The new service aims to both digitise the current ad-hoc system for requests – which might be how a condition affects someone on a day-to-day basis – and to automate the existing process for requests for medical information, such as GP details, hospital records and conditions diagnosed.

This information is used to decide on awards for benefits like Universal Credit, Employment and Support Allowance and Personal Independence Payment, and DWP emphasised that it is shared with patient consent.

DWP said the work was being done under the “assumption” that the legal basis for data exchange would be “informed consent”, but that it “would expect design assumptions to be tested through the proof of concept phase”. The department declined to say what other legal bases it might consider.

‘GPs shouldn’t be de facto DWP assessors’

The move to link up NHS data with DWP’s benefits systems comes as the department is under fire for its fit-to-work assessments, and as the government is under growing pressure over what many see as fundamental flaws in its Universal Credit scheme.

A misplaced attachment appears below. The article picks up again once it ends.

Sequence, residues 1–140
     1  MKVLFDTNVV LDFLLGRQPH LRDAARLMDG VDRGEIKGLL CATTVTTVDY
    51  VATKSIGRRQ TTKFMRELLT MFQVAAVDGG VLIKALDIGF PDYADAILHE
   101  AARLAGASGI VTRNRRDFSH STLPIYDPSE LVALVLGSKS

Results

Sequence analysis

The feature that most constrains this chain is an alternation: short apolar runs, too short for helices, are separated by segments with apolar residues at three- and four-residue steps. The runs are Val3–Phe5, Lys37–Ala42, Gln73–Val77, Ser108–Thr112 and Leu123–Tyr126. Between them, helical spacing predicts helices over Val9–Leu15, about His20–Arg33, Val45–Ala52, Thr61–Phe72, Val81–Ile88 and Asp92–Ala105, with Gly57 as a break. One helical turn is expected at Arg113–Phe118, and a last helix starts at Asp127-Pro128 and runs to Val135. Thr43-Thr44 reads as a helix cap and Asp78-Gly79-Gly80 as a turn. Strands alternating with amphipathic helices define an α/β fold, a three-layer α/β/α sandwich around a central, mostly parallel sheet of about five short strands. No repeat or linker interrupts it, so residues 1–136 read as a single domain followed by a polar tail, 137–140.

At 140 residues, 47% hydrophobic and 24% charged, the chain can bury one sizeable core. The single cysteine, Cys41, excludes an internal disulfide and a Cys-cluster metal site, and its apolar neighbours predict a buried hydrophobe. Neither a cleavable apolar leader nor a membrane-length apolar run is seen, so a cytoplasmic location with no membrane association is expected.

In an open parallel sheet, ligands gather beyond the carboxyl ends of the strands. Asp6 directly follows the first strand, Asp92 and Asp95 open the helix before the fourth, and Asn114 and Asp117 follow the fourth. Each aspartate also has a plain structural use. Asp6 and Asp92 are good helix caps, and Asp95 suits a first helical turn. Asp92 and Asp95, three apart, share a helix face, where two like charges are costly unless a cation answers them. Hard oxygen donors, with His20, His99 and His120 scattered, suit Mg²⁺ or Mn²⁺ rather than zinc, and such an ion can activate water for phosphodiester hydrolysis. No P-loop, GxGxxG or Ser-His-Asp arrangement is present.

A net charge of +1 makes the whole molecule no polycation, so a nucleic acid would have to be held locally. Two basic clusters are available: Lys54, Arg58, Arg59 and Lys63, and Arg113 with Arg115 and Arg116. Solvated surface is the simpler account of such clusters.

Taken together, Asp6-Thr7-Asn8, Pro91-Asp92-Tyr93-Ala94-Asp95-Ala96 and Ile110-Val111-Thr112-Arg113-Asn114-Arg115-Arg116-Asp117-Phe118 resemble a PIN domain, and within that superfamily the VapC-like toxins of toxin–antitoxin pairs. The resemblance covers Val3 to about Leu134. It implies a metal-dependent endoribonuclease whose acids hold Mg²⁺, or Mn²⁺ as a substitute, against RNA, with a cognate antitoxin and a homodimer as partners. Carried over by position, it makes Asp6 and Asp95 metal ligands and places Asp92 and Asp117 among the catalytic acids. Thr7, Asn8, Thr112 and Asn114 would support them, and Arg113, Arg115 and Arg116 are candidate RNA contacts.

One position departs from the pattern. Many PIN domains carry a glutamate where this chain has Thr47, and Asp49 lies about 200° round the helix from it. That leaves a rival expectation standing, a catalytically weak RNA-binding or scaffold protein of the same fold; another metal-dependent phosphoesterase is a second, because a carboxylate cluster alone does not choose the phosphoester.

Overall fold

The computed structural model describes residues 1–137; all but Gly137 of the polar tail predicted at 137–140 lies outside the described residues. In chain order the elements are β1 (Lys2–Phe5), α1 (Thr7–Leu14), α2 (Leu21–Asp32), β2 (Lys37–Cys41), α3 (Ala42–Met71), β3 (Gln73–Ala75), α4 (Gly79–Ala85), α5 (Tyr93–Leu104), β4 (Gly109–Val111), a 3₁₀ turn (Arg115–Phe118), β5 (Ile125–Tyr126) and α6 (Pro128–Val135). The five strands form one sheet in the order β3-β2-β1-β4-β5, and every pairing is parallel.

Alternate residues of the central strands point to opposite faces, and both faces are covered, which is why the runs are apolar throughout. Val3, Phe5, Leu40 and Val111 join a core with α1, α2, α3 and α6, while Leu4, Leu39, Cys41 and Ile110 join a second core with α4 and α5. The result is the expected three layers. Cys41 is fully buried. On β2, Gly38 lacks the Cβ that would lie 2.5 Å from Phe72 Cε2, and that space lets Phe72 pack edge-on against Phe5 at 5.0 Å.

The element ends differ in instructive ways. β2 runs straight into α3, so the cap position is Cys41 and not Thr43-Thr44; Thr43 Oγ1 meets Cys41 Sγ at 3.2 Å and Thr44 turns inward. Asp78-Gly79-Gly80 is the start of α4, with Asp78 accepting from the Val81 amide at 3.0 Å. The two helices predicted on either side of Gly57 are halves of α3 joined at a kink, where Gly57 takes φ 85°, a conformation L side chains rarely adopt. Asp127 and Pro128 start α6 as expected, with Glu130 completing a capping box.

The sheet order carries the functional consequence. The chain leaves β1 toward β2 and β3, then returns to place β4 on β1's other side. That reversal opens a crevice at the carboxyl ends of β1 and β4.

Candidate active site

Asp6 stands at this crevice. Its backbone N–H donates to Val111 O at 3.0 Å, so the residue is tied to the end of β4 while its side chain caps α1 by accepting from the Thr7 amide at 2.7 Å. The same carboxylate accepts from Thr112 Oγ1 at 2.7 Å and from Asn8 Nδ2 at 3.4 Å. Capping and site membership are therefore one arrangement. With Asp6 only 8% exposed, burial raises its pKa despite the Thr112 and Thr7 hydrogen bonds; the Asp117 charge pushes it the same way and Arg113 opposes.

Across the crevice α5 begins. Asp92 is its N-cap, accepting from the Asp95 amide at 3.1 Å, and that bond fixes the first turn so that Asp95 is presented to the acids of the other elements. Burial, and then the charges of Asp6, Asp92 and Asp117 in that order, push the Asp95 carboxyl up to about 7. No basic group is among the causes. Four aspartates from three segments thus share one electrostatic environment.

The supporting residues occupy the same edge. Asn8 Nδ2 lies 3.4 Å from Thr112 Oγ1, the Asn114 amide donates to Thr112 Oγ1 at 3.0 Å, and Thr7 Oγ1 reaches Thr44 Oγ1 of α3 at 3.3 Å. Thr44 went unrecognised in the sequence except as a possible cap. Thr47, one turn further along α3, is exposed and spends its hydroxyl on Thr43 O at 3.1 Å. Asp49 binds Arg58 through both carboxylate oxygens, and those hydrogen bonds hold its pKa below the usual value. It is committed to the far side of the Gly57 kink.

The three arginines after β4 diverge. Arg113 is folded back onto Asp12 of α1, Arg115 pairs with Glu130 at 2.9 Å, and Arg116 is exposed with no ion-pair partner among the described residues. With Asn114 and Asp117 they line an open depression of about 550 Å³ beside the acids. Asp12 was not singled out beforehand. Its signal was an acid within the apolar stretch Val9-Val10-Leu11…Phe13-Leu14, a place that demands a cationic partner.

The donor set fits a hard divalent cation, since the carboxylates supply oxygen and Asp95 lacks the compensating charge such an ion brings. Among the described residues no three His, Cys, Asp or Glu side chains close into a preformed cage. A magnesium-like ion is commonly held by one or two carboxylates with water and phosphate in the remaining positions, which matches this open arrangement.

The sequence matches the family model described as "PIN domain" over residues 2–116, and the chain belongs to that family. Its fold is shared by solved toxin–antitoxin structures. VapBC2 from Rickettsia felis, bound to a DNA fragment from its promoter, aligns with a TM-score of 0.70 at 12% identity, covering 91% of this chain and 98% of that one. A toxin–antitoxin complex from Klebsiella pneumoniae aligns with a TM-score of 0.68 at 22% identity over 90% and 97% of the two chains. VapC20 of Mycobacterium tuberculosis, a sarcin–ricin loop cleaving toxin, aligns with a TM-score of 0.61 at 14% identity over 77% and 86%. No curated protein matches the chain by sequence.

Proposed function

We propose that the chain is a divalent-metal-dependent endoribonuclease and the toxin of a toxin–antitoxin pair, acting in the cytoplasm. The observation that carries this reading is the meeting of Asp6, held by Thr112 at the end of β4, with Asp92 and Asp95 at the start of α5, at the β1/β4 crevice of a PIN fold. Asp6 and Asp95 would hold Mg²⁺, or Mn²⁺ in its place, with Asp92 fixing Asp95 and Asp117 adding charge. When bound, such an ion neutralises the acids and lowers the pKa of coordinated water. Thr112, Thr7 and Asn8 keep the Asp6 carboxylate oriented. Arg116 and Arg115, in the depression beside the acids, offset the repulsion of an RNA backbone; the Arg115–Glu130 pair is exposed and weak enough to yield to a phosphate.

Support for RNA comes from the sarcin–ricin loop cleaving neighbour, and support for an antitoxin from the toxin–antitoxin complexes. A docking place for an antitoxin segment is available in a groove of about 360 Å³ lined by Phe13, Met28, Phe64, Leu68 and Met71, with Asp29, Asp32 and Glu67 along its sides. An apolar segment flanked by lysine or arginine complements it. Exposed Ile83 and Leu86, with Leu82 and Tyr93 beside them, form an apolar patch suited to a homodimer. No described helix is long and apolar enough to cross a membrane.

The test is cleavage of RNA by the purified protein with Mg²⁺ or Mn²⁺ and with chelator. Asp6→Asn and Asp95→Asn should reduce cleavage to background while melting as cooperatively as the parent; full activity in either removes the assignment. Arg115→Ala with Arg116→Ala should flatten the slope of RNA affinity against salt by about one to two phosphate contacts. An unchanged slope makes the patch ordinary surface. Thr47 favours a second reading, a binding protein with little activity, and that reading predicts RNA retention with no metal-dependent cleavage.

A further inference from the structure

And it follows a series of government data-handling controversies, including a Memorandum of Understanding between the NHS and the Home Office for immigration enforcement that was paused under the weight of public and political opinion.

One of the criticisms of that deal was that it risked deterring people from seeking medical attention, and Med Confidential coordinator Phil Booth warned of similar problems with DWP’s latest proposal.

“Patients must know that what they tell their doctor will never be used against them, and GPs must never become de facto DWP assessors due to ‘data sharing’,” he said. “The information patients give to their doctor must be untainted by external pressures, or people will come to harm.”